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Announcing Yale’s 2020 Mellon/ACLS Dissertation Completion Fellows

May 18, 2020

Yale Graduate School of Arts and Sciences (GSAS) is proud to announce that six students were awarded Mellon/ACLS Dissertation Fellowships. The doctoral candidates will receive a year of funding to complete the projects that form the foundations of their scholarly careers. Representing an array of disciplines and perspectives, GSAS congratulates:

Bench Ansfield
American Studies, Born in Flames: Arson, Racial Capitalism, and the Reinsuring of the Bronx in the Late Twentieth Century

Bench Ansfield was awarded for their dissertation, “Born in Flames: Arson, Racial Capitalism, and the Reinsuring of the Bronx in the Late Twentieth Century,” which examines the wave of arson-for-profit that coursed through the Bronx and many other US cities in the 1970s.

“In these alarming and uncertain times, I am grateful that the Mellon/ACLS Fellowship will provide the stability and support to keep writing” Bench said, “I’m especially excited to be awarded this fellowship alongside another student in American Studies, Yuhe Faye Wang, whose project is also centered around urgent questions of risk and racial capitalism.”

Sarah Brothers 
Sociology, Expertise, Gender, and Marginality: Health Related Practices by People who Inject Drugs in the United States

Sarah Brother’s research examines how people who inject drugs attempt to protect themselves from overdose and infection. Her work is based on 16 months of ethnographic observation in San Francisco and interviews with 80 people who receive and/or provide injection assistance. She investigates power inequalities and the ways in which gender characteristics can play a role in the treatment of the individuals involved, contributing to literature on marginalized communities, gender, and expertise.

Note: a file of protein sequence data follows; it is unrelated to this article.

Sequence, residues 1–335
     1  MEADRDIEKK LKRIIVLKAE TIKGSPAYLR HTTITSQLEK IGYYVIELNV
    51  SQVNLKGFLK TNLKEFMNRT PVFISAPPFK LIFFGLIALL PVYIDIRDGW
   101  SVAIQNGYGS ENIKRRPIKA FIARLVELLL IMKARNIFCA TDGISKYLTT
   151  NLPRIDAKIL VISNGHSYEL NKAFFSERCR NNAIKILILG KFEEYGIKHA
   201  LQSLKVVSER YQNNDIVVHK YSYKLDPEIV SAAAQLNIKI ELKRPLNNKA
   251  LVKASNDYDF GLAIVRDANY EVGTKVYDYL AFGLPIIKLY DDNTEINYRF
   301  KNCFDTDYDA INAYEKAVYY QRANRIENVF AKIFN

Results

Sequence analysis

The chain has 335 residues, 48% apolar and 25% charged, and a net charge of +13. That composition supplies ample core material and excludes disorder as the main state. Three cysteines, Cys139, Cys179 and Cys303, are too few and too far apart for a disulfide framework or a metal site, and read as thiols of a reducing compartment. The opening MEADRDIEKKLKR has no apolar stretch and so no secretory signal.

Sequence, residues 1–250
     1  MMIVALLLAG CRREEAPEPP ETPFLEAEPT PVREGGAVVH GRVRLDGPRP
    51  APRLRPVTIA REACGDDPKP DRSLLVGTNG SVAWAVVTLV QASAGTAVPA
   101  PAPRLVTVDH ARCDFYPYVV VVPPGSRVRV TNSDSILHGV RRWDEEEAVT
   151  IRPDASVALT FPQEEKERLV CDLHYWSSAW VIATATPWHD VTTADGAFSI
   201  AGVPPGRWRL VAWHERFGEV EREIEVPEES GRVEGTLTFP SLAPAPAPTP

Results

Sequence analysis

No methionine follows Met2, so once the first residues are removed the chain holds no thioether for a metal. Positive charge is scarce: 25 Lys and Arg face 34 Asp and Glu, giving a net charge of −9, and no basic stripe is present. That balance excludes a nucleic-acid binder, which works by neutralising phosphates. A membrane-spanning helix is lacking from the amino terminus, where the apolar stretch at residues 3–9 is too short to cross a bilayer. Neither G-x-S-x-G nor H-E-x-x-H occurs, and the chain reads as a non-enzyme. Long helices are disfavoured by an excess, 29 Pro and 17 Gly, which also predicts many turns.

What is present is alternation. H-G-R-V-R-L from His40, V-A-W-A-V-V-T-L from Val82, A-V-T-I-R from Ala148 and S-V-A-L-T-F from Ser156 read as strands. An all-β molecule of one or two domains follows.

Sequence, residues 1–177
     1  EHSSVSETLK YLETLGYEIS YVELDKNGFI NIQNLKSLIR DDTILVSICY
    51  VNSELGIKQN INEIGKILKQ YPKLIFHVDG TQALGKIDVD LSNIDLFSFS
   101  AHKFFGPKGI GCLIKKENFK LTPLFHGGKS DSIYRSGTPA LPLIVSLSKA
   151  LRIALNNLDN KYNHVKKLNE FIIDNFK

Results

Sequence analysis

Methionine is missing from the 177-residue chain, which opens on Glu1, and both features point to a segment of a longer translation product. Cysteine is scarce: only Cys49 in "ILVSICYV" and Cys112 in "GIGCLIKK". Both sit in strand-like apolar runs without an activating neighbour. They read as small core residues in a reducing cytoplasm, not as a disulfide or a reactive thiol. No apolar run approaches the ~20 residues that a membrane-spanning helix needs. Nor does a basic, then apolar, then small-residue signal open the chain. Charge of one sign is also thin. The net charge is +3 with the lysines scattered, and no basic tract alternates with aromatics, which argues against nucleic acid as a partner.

Hsin-Yuan Peng 
Comparative Literature & Film and Media Studies, Meteorology by Cinematic Means: Aesthetics and Epistemology of Weather Images

Hsin-Yuan Peng’s research focuses on the use of moving image technologies by Japanese meteorologists Abe Masanao, Nakaya Ukichirō, and their European colleagues. She argues that scientific visualization of weather is a complex act of construction rather than passive documentation. By analyzing meteorological filmmaking it is possible to imagine a genealogy of cinema from the perspective of weather sciences, and also to appreciate these scientists’ extraordinary sensibilities to the atmosphere at different historical moments.

Hsin-Yuan Peng said, “I feel very honored to receive this award, which has given me a sense of certainty to continue my research in spite of the chaos caused by the pandemic. It is also encouraging to know that difficult, interdisciplinary work can receive recognition.“

Tommaso Stefini 
History, Justice and Commerce: Ottoman and Venetian Courts in Istanbul during the Seventeenth Century